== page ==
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Environmental Health

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Abstract: Are you healthy? Is your environment healthy for you? What does it mean to be healthy? Does it mean you're not achy, or that you are not visibly sick? The World Health Organization defines health broadly as a state of physical, mental, and social well-being. This means that being healthy is more than just living a long life, but living a life that is productive and free from ailments that reduce your potential to live enjoyably.

In this chapter, we will focus on the aspects of our environment that affect our own health. These environmental influences can be classified into three categories: infectious agents, chemical agents, and physical agents. Infectious agents are living microorganisms that cause disease. Physical agents include things such as radiation and microwaves and other electromagnetic fields. Some of the effects of radiation on health are discussed elsewhere in this book. Chemical Agents is a broad category of metals and chemicals that contaminate our water, air, food supplies, and residential environments.

So how important are each of these in our lives? We are impacted by each of them every day, and we have been throughout the history of our evolution! Since before birth, our bodies have been assaulted by environmental invaders. We are bombarded by damaging rays from the sun, been selected as the perfect home by bacteria, and your body, a finely tuned biochemical machine, has been disturbed by foreign chemicals. Many of these environmental insults over time lead to what we know as aging, a natural process that we cannot avoid. Even if we could live in a bubble, cut off from as much of the environment as possible, the very oxygen we breathe causes damage to cells through a process called oxidation. Besides, what quality of life would living in such an environment provide? In the field of environmental health, we strive to reduce the influences of our environment on our quality and length of life to the extent possible, realizing that we cannot eliminate environmental impacts altogether. In the modem world, when we are producing new technologies and chemicals at a rapid pace, we are putting new things into our environment all the time. Some of these things exist in small amounts and may have subtle effects on our health. It is this subtlety that makes some of the problems in environmental health challenging and their scientific outcome often controversial. Here, we will begin to explore some of the concepts used in the study of environmental health and will examine in detail two case studies of environmental health issues that have arisen in Nevada. First, we will more clearly define the different types of environmental agents that affect our health.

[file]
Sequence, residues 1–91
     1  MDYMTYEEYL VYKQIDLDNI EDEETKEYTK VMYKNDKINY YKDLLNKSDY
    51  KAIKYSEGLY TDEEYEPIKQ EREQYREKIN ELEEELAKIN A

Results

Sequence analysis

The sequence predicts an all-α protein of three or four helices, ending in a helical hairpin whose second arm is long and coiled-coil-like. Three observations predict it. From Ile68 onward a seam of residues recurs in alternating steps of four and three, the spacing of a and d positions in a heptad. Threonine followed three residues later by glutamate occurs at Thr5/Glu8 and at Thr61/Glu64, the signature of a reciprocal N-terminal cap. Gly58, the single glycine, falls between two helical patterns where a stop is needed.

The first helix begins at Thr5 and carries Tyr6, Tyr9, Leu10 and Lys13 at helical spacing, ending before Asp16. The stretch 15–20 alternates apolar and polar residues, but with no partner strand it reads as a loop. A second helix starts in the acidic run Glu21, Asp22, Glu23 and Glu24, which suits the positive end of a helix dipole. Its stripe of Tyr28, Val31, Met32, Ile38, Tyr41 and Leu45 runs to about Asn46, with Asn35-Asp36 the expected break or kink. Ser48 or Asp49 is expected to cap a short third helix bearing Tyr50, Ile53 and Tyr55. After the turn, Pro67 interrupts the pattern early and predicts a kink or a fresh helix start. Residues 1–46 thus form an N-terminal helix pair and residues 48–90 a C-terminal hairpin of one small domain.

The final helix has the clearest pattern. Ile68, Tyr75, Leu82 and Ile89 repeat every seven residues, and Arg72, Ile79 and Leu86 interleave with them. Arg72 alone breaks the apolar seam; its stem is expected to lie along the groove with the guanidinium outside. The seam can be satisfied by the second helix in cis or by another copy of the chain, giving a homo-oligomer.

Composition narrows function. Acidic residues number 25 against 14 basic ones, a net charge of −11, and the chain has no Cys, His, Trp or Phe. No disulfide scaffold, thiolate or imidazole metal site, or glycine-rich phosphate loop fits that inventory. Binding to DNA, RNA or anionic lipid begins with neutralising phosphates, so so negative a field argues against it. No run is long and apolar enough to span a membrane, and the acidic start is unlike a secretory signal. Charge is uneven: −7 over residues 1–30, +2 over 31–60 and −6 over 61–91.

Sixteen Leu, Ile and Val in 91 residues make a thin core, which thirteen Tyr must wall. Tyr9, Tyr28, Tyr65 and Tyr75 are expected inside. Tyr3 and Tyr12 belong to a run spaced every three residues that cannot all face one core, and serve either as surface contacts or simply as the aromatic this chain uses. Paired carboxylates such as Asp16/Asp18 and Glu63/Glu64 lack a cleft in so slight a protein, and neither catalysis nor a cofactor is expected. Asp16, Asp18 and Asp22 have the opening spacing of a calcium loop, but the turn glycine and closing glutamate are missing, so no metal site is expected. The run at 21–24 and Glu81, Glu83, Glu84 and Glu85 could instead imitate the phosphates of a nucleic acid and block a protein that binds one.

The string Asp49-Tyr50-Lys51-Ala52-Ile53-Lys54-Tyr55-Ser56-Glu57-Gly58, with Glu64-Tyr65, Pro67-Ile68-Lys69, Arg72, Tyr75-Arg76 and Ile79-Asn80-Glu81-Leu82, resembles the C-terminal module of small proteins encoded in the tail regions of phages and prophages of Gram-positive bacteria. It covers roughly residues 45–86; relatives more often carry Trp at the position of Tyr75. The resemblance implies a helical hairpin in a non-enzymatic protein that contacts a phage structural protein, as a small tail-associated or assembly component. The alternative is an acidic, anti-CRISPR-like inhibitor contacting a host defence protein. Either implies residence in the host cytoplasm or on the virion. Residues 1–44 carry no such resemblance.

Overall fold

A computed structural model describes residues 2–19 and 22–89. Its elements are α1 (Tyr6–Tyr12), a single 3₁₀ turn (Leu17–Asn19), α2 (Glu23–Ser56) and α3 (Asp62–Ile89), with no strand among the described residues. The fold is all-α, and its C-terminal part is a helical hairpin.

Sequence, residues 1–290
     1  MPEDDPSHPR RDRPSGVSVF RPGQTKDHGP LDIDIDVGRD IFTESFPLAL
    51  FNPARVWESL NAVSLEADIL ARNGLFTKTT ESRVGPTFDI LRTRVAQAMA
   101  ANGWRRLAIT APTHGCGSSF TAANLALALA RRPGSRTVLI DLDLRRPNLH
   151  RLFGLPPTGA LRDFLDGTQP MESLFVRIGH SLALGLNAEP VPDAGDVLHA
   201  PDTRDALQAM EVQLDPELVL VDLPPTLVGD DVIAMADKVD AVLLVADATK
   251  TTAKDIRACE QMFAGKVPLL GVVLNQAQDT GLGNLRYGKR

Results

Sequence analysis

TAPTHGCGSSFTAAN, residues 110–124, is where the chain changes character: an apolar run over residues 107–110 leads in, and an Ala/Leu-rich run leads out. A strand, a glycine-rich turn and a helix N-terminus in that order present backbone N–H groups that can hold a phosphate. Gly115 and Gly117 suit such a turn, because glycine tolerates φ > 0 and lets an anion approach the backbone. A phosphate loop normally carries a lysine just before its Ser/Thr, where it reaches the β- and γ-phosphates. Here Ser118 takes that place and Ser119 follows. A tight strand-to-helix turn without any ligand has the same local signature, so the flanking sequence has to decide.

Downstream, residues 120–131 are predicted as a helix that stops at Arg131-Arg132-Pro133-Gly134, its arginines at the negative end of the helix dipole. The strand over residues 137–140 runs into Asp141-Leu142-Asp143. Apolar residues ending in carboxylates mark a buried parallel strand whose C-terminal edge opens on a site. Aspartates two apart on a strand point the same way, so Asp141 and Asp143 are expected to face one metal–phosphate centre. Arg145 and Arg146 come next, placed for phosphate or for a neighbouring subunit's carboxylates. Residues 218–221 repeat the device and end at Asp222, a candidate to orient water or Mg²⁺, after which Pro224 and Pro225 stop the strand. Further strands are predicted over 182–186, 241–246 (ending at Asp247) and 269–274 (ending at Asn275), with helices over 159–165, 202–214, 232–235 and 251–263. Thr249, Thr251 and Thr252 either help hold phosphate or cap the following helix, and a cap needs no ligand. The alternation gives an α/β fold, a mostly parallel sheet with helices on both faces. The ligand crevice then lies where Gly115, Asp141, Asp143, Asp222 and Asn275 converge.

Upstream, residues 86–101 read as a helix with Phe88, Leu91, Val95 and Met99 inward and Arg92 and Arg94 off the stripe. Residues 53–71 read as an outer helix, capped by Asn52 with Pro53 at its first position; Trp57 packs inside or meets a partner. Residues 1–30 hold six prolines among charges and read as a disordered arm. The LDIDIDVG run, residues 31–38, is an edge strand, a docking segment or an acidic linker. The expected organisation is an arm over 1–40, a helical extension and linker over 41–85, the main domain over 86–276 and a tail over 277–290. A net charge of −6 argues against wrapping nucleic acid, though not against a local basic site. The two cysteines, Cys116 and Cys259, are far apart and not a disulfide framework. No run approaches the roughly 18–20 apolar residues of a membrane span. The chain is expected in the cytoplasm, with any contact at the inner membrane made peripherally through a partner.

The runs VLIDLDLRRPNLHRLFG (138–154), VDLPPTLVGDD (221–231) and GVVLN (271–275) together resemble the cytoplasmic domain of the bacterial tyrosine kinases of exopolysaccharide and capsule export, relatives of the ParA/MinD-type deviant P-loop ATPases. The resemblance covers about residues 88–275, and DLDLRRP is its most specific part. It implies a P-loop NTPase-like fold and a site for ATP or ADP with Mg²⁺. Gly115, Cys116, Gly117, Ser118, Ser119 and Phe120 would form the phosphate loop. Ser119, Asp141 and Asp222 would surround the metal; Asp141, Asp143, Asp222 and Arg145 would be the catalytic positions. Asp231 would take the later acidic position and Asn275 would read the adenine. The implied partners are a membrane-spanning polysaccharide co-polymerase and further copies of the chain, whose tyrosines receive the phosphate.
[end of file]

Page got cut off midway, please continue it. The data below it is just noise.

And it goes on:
The author is a scientist with the Office of Research and Development of the U.S. Environmental Protection Agency. This paper has been reviewed in accordance with the Agency's peer and administrative review policies and has been approved for publication. The work represents the views of the author and does not necessarily reflect the views of the agency.

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Citation:Rigas, M. L. Environmental Health. Nevada Environmental Issues, Chapter6. Kendall-Hunt Publishers, Dubuque, IA, (2002).
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Contact: Liz Hope - (919) 541-2785 or hope.elizabeth@epa.gov
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Division: Human Exposure & Atmospheric Sciences Division
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Branch: Human Expsoure Research Branch
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Product Type: Book Chaptr
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Published: 07/01/2002
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Related Entries:
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Bullet Item Models and Modeling Methods for Assessing Human Exposure and Dose to Toxic Chemicals and Pollutants
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